Norwegians have recycling down to a science. From a very young age, kids learn that there’s a separate can for paper, another for plastic, another for food leftovers (compost), another for glass and metal, and another for all the rest. It comes as no surprise, then, that Norway has the most efficient recycling plant in the world: there is no home that does not recycle and no neighborhood block that does not have designated recycling cans for each type of waste. Sure, the first few days you will be asking your Norwegian friends “so, the paper goes in which can?” but soon you’ll get the hang of it and realize that decreasing your carbon footprint can be as simple as one, two, three, four, five (that’s the number of different cans you’re going to be using).
And don’t forget: you can return your empty bottles and cans at the supermarket, and even make some NOK by feeding them to the specific machines. Or, you can do what most Norwegians do and just leave them for homeless people who are looking to make some money. Which brings us to our next point…
Want to do good but not sure where to start? Start with visiting the Frivillig website: there, you’ll find listed every good cause in the country, all the organizations and groups of people that need help—and you can pick the cause that is better suited to your nature. Love kids? Are you good with computers? Think keeping company to senior citizens is the least you can do? There’s an organization that needs your help right now, and Frivillig is determined to help you find it.
Nature in Norway is considered every man’s right (Allemannsretten). You can roam freely, hike, ski and camp, pick flowers, mushrooms and berries—even chop wood for fire. What you cannot do is litter or leave something worse than you found it. After a couple of forest expeditions you’ll start learning which berries and mushrooms to pick and which to leave alone, what’s the perfect weather and time of the day to go foraging or hiking, and the realization that you’re part of this magnificent ecosystem will synch into your core in a way that never would from the comfort of your couch.
…By keeping your shoes at the door. Norwegians are so adamant about their “no shoes inside” policy, they even enforce it at primary schools—so that children learn it from a young age. Taking off your shoes is first and foremost a practicality in Norway: the weather conditions mean that you’re probably coming from a rainy or snowy environment and your shoes are a wet mess, so it’s definitely healthier for your feet not to carry all that inside the house. Plus, most Norwegian houses have floor heating, so it’s really possible to walk barefoot all year long if you want. But taking your shoes off when coming home or visiting a friend’s home also signifies that it’s time to relax and feel cozy—and that you’re probably in the presence of people who won’t mind your silly socks.
Last year, Norway passed a bill that allows children from the age of six to legally change their gender by just filling in an online form (Norway and Malta are currently the only two countries in Europe which offer that option). When most of the “advanced” countries of the world are just now beginning the conversation about trans rights, living in a society where kids can legally be the gender they feel inside makes all the difference when it comes to helping eliminate bullying and stigma. Just after a very short time in Norway, you’ll understand that people do not care and do not judge the personal choices of other people—and that’s always a very good lesson when it comes to practicing tolerance and embracing diversity.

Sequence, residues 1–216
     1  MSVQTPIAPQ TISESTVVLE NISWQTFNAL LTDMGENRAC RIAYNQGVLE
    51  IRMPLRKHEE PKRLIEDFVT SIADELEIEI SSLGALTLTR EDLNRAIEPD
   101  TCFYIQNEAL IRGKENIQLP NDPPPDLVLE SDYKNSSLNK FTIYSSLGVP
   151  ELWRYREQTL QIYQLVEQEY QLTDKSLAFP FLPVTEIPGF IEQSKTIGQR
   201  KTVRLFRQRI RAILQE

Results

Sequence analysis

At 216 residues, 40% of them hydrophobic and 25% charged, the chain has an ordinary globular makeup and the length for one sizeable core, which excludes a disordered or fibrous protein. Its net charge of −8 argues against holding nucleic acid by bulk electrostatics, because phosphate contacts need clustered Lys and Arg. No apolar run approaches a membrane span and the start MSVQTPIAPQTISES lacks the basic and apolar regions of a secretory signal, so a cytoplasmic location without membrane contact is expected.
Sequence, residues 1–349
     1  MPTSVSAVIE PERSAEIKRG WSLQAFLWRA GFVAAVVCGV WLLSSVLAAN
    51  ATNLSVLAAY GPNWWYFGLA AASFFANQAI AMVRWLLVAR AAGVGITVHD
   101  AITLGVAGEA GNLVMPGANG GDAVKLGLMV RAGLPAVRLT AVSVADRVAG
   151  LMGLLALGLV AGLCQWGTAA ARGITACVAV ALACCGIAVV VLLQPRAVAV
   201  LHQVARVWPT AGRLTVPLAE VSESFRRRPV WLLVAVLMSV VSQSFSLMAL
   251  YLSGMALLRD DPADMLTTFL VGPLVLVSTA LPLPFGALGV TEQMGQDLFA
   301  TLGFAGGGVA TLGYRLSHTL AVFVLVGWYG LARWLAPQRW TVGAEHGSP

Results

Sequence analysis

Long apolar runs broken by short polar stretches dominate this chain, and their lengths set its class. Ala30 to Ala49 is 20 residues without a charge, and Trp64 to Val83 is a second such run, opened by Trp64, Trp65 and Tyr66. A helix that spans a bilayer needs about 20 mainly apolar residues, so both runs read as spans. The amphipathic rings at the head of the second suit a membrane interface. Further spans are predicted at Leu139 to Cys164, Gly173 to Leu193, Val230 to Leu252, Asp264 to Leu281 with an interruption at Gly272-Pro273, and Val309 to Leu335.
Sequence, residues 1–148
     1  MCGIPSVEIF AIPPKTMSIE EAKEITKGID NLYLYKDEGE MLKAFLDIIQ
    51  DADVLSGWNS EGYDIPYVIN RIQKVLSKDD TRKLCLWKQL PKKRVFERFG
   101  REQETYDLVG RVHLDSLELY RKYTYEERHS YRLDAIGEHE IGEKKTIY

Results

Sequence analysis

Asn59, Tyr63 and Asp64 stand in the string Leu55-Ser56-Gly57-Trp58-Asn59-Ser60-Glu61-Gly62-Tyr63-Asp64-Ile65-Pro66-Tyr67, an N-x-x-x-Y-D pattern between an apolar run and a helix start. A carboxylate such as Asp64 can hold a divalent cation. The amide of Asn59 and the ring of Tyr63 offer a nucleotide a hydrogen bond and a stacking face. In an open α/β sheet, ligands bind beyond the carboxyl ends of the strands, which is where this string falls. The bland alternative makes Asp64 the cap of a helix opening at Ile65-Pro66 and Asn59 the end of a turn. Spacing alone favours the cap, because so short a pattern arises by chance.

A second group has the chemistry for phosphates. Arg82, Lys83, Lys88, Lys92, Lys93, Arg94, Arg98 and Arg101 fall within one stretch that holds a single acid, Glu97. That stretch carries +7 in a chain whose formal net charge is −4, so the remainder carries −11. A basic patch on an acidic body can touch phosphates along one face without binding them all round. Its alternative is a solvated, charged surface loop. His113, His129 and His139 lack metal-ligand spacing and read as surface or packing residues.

Kos is like the Norwegian version of hygge, that Danish word you probably hear everywhere lately. Kos can mean a hundred different things, from relaxing by yourself with a good book and a warm mug of something to cuddling with your pets or playing with your kids, to spending romantic time with your kjæreste (that’s Norwegian for “significant other,” literally meaning “dearest one”). No matter which version of kos you feel like practicing today, taking some time off your busy day to focus on the people (yourself included) and the activities that really matter is good for your soul.
Here’s the thing about strays in Norwegian cities: they don’t really exist. If you see the odd cat or dog outside a store, chances are they live there and people are feeding them—they’re just coming and going as they please. Cats, in particular, especially the magnificent local breed of Norwegian forest cats, are all fluffy, extremely well fed, and usually hanging out in farms, outside of houses in residential areas, and everywhere they can hunt rodents but also get an extra treat or two from humans. It’s a stark contrast to other European countries, where strays on the streets of a city are considered a normal occurrence—and it will make you want to do something to help next time you spot one back in your home city.
If Norwegians had a national saying, that would probably be det går bra. It literally means, “that goes well,” but it is mostly used for “that’s okay,” “all is well,” or “it doesn’t matter.” The whole mentality behind this saying implies that one is getting up after a fall, brushing themselves off, and carrying on, not making a big deal out of it. One could argue that it is easy for Norwegians to maintain a positive outlook on life, since they live in a country that takes care of them (both with its oil-related riches and with its welfare-oriented state). But once you spend some time with them and observe their calmness and their respect towards each other and towards nature, that det går bra mentality will start rubbing off on you as well. And that’s probably the greatest gift Norway can give you.